The success of Portland has a lot to do with its people and leader's desire to curb sprawl and create transit oriented development. Other cities are trying and I said so many times already that Vancouver's GVRD LRSP is a good plan. Unfortunately, planning is the easy part. Implementation is hard, especially in the Greater Vancouver area in which rapid transit expansion is decided solely by politics, the RAV Line being the baby of the right wing party while the Millenium Line being the baby of the left wing party. And even the head of Translink itself even goes against the sound urban planning of the GVRD and would rather have more sprawl and auto oriented development.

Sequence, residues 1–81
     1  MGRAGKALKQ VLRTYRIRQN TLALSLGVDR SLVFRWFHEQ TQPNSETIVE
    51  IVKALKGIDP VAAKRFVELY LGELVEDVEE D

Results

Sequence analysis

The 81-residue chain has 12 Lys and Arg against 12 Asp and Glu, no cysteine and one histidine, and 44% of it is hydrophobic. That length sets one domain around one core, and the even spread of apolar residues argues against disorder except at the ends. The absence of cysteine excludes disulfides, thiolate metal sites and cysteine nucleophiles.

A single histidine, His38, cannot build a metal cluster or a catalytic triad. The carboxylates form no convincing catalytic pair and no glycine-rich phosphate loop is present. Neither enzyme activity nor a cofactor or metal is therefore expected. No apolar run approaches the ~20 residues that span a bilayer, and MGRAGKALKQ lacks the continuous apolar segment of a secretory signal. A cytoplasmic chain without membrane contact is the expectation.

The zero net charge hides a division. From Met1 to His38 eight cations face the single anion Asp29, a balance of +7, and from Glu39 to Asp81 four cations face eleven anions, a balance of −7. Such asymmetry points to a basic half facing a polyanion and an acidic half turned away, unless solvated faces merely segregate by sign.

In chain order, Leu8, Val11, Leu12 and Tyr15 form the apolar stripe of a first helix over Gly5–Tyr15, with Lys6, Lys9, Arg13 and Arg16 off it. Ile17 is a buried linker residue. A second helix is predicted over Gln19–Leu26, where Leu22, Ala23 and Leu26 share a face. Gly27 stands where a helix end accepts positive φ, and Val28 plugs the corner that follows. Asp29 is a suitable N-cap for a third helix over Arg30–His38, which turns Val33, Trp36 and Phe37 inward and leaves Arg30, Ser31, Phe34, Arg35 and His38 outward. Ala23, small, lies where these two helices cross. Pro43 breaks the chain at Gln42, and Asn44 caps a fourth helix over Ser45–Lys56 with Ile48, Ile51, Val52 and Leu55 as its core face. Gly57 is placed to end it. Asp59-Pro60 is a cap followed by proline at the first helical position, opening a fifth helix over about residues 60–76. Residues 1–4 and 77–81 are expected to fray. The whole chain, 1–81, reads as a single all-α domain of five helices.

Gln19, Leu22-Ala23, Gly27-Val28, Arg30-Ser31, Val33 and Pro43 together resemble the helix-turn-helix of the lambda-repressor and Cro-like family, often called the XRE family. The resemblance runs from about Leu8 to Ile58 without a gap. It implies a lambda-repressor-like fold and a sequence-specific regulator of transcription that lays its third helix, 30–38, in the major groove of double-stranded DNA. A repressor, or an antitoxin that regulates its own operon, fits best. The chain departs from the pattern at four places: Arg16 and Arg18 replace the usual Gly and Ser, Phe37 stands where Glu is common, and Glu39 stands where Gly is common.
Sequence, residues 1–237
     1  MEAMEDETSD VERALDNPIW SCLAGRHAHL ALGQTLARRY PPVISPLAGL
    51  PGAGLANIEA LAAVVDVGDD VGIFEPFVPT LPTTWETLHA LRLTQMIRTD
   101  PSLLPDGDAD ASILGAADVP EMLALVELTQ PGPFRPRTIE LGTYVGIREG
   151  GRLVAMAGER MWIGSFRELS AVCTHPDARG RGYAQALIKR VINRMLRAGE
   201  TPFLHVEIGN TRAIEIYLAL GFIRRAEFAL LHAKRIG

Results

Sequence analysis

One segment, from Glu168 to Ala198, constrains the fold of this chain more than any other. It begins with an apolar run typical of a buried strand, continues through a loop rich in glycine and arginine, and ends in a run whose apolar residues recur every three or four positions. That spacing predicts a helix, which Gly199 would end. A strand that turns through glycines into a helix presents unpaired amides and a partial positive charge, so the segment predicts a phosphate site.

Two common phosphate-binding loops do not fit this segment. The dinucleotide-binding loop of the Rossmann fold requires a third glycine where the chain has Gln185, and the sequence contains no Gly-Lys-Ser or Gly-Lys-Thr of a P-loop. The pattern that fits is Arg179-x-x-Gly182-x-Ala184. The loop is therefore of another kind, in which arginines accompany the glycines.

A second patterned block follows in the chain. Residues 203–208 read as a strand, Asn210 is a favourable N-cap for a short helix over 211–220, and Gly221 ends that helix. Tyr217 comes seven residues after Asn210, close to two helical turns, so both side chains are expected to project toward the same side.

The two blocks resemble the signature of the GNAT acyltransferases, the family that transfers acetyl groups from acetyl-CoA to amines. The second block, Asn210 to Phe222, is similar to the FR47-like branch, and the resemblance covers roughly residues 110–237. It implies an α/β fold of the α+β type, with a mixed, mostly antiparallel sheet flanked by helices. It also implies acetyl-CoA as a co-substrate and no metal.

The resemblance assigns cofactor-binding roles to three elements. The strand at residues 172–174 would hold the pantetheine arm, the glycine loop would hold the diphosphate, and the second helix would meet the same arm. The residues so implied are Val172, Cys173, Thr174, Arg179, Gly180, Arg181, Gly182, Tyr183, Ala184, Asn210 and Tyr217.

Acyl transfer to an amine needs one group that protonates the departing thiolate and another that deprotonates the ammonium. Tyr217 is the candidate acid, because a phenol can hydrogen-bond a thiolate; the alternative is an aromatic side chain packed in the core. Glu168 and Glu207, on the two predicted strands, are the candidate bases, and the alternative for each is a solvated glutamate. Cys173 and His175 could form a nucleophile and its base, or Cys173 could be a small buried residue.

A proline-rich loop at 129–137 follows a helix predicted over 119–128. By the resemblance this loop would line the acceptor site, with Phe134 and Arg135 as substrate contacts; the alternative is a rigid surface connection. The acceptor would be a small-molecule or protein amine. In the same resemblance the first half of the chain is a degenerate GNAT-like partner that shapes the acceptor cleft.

If and only if the Greater Vancouver area would for the life of me just do what is right and logical, then I would support it. But RAV at its current form, hell no! Millenium Line as Skytrain, **** that! Every rapid transit expansion in the GVRD in the past six years are a joke and I pity those poor people in places where these political trophies are not present and yet still have to pay for them.
I know that the MAX system is a success, but I was wondering what is the percentage of people who use transit in Portland?
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Old July 14th, 2005, 01:58 AM   #434
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Quote: